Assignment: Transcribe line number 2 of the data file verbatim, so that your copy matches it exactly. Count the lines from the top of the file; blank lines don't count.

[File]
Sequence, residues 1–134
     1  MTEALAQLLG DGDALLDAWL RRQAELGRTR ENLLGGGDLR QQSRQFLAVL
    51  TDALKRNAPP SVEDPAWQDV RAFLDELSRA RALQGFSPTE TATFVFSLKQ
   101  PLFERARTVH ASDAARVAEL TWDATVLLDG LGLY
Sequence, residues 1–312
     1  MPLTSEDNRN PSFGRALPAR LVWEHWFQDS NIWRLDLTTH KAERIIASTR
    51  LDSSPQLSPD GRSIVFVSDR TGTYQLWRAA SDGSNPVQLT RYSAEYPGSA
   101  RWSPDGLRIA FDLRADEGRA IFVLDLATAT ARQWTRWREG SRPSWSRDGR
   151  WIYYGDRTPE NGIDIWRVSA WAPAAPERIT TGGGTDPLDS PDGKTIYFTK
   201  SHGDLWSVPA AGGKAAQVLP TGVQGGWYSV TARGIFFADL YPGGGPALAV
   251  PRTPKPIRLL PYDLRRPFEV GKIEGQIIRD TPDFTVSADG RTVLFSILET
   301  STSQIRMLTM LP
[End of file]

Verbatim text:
     1  MTEALAQLLG DGDALLDAWL RRQAELGRTR ENLLGGGDLR QQSRQFLAVL